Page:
Surgeon mentoring varied from a total of five consecutive days to a total of 1–2 days per week over a 30-week period. The duration depended on the availability of the surgeon and the duration of the surgical specialty programme on the ship.
Anaesthesia mentoring was 2 days per week for 8 weeks.
Ward nurse mentoring was 5 days per week for 6 weeks for 10 participants. In addition, two ward nurses came for 1 week, accompanying their surgeon who was mentored simultaneously.
Operating room (OR) nurses were mentored continuously throughout the entire 35-week surgical programme. The OR nurses spoke English and simultaneously worked as translators for the OR while participating in the mentoring programme.
Anaesthesia, ward and OR nurse mentoring programmes all included some formal teaching sessions; surgeon training was entirely a hands-on, practical apprenticeship.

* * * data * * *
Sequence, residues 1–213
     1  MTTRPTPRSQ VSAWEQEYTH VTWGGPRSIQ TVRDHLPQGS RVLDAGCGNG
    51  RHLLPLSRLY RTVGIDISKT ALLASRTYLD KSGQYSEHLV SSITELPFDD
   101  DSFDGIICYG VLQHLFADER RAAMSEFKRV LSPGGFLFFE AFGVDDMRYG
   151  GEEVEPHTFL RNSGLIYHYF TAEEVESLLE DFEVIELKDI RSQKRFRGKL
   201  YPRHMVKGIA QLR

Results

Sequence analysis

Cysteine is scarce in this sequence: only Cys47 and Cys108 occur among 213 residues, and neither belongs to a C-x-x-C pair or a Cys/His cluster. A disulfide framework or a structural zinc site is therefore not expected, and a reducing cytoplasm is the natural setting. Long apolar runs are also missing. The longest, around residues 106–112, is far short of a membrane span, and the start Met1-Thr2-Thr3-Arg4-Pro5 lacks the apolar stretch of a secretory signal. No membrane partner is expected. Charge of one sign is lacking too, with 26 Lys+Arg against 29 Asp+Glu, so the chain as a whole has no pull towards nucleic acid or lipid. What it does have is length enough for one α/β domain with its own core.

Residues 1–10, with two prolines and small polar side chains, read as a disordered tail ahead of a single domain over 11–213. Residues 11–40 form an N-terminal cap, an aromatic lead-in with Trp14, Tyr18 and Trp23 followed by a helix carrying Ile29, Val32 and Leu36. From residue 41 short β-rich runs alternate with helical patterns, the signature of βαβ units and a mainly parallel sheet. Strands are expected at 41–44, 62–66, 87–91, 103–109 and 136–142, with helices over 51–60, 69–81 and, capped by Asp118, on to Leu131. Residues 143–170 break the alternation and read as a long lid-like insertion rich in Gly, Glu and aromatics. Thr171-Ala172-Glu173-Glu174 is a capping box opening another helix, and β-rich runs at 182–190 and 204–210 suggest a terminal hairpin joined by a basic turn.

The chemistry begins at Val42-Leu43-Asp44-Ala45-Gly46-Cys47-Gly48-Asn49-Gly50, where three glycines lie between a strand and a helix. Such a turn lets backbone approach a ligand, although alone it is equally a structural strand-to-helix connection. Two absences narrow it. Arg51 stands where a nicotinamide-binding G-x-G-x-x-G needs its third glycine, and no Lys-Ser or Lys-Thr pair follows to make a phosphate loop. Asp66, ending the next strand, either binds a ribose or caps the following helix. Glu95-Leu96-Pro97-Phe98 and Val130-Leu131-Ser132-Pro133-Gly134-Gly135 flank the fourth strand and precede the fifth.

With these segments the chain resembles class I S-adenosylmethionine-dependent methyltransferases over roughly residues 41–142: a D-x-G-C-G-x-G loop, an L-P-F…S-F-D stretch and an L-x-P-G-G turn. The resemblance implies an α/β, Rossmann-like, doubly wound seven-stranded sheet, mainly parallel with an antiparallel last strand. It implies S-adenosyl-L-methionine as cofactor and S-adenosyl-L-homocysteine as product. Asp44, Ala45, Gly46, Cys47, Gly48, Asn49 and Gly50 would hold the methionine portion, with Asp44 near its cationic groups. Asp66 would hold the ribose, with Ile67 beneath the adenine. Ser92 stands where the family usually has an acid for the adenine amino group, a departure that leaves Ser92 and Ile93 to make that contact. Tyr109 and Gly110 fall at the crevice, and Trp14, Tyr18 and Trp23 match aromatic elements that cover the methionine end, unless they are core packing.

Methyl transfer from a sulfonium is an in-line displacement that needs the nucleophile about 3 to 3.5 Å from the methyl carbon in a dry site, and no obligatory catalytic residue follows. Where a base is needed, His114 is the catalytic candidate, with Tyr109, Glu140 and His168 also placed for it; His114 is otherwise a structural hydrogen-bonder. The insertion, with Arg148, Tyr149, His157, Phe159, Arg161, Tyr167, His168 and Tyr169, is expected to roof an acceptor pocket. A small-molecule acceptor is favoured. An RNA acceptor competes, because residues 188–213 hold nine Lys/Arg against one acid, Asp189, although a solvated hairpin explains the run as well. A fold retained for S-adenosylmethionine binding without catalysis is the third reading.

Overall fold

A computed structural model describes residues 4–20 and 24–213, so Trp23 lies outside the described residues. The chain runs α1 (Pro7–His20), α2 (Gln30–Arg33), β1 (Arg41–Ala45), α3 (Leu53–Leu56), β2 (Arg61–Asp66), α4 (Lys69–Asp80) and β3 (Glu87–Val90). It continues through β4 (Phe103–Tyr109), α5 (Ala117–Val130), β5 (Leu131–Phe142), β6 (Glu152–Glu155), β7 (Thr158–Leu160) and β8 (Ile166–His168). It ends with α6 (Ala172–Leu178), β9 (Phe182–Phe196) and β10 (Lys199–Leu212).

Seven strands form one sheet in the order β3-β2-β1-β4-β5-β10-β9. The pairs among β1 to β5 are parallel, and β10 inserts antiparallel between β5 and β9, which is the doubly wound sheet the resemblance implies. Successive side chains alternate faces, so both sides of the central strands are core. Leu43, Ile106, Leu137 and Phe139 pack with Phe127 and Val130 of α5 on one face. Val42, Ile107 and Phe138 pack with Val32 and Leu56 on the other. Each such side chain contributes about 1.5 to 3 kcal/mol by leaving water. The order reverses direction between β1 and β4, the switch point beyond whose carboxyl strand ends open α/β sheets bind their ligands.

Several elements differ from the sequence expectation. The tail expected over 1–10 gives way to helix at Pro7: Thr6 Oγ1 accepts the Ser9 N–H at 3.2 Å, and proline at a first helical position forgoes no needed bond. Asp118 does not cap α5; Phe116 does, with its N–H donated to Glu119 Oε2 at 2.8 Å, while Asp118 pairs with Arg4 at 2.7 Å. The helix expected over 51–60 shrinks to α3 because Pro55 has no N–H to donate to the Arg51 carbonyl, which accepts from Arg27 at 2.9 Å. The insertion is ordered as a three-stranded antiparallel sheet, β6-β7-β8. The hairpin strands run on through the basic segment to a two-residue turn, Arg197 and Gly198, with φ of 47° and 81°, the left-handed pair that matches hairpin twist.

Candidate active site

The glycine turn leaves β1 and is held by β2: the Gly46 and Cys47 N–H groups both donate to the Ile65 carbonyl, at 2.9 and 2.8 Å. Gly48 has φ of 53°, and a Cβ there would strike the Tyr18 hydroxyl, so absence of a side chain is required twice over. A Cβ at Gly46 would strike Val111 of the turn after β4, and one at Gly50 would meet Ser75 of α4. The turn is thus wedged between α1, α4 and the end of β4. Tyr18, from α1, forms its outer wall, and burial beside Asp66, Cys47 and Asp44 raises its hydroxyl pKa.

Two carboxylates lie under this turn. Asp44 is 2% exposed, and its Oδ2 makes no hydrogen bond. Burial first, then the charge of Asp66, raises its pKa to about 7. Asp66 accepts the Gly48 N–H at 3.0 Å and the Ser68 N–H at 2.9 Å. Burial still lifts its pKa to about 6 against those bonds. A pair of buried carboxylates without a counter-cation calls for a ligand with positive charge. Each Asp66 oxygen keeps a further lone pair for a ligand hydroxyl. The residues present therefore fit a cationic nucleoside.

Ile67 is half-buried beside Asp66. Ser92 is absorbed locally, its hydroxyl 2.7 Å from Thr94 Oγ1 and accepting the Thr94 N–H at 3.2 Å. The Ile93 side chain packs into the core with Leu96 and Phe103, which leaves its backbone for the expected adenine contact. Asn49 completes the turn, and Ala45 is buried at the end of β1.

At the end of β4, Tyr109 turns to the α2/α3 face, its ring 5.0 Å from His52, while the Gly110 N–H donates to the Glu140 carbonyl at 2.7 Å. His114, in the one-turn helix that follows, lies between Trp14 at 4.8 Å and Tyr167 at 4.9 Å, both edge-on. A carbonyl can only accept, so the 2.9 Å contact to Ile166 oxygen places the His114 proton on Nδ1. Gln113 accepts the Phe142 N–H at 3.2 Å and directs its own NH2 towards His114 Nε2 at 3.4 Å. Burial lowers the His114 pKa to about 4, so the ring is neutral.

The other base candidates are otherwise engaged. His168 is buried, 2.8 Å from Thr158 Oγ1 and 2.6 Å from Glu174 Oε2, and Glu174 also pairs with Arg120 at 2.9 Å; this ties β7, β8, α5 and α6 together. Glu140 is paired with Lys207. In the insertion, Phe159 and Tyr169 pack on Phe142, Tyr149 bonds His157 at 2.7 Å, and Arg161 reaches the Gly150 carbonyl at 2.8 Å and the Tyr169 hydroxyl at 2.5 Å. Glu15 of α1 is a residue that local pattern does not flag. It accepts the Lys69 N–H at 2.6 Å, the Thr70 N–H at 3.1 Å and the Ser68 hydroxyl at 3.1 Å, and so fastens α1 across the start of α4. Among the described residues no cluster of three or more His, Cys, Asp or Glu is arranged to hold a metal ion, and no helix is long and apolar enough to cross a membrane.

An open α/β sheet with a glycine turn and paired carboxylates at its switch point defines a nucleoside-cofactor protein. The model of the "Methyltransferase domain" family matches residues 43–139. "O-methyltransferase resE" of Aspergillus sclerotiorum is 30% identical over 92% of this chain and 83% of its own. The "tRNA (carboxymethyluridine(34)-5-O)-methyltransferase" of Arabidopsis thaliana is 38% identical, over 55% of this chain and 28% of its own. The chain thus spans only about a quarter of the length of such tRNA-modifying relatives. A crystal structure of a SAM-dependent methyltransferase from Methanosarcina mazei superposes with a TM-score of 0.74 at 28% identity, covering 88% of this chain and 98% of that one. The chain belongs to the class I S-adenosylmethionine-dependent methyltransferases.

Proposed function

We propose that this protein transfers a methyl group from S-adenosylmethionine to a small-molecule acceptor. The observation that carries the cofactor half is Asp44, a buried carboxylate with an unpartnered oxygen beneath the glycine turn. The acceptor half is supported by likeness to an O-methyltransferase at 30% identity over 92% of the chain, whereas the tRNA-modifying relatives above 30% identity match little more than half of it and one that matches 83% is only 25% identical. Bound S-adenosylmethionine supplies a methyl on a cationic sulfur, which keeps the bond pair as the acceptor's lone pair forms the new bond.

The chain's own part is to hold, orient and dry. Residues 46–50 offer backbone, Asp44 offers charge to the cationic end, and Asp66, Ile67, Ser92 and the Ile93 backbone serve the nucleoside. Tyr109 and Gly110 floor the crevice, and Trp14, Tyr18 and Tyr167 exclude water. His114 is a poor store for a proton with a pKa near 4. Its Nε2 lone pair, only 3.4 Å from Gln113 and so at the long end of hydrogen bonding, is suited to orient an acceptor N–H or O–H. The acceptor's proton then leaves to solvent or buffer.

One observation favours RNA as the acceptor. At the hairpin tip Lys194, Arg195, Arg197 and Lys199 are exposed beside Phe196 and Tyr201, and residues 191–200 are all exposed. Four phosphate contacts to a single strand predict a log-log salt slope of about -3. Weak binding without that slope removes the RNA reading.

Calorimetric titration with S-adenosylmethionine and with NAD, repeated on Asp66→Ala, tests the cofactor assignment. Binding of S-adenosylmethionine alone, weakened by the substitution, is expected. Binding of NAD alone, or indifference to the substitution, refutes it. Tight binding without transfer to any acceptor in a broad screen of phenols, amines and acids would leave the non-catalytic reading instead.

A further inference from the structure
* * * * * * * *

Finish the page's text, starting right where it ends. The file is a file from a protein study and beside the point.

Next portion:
The Republic of Congo is a French-speaking country but Mercy Ships’ working language is English. Therefore, for training purposes, translators were used when needed but none were professional translators nor had any medical experience.
In May 2015, we returned to the Republic of Congo, and used a qualitative research design to assess the impact of the training programme at Kirkpatrick model levels 2–4. Structured interviews, focus groups and questionnaires were used to collect data, which were manually coded and themed for analysis.6 Our goal for this evaluation was to measure impact, validate the effectiveness, quality and value of our training programmes, and to build theories and recommendations for future programme development.7 The Mercy Ships Institutional Review Board approved the evaluation, and the Republic of Congo Ministry of Health approved the education programme in 2013 and the evaluation in 2015.